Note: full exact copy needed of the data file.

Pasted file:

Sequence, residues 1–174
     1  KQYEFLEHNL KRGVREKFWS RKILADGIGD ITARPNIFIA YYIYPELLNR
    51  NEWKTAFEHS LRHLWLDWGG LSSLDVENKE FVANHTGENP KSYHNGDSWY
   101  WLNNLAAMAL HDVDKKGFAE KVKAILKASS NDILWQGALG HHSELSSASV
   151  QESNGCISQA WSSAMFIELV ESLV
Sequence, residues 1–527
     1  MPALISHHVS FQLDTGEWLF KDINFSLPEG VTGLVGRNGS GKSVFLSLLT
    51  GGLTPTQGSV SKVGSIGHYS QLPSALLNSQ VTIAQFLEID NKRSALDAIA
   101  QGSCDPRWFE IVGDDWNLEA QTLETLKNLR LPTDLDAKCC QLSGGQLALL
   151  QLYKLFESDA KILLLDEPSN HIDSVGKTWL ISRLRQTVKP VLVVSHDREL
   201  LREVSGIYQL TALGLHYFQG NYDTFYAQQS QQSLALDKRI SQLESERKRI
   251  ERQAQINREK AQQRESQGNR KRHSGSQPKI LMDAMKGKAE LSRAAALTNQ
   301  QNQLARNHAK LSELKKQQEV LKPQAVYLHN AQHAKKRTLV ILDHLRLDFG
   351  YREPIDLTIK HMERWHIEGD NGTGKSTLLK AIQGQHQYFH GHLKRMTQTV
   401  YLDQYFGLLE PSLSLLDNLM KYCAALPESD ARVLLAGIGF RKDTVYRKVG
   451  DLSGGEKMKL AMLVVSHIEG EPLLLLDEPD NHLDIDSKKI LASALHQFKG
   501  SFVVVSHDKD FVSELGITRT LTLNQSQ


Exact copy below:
Sequence, residues 1–174
     1  KQYEFLEHNL KRGVREKFWS RKILADGIGD ITARPNIFIA YYIYPELLNR
    51  NEWKTAFEHS LRHLWLDWGG LSSLDVENKE FVANHTGENP KSYHNGDSWY
   101  WLNNLAAMAL HDVDKKGFAE KVKAILKASS NDILWQGALG HHSELSSASV
   151  QESNGCISQA WSSAMFIELV ESLV
Sequence, residues 1–527
     1  MPALISHHVS FQLDTGEWLF KDINFSLPEG VTGLVGRNGS GKSVFLSLLT
    51  GGLTPTQGSV SKVGSIGHYS QLPSALLNSQ VTIAQFLEID NKRSALDAIA
   101  QGSCDPRWFE IVGDDWNLEA QTLETLKNLR LPTDLDAKCC QLSGGQLALL
   151  QLYKLFESDA KILLLDEPSN HIDSVGKTWL ISRLRQTVKP VLVVSHDREL
   201  LREVSGIYQL TALGLHYFQG NYDTFYAQQS QQSLALDKRI SQLESERKRI
   251  ERQAQINREK AQQRESQGNR KRHSGSQPKI LMDAMKGKAE LSRAAALTNQ
   301  QNQLARNHAK LSELKKQQEV LKPQAVYLHN AQHAKKRTLV ILDHLRLDFG
   351  YREPIDLTIK HMERWHIEGD NGTGKSTLLK AIQGQHQYFH GHLKRMTQTV
   401  YLDQYFGLLE PSLSLLDNLM KYCAALPESD ARVLLAGIGF RKDTVYRKVG
   451  DLSGGEKMKL AMLVVSHIEG EPLLLLDEPD NHLDIDSKKI LASALHQFKG
   501  SFVVVSHDKD FVSELGITRT LTLNQSQ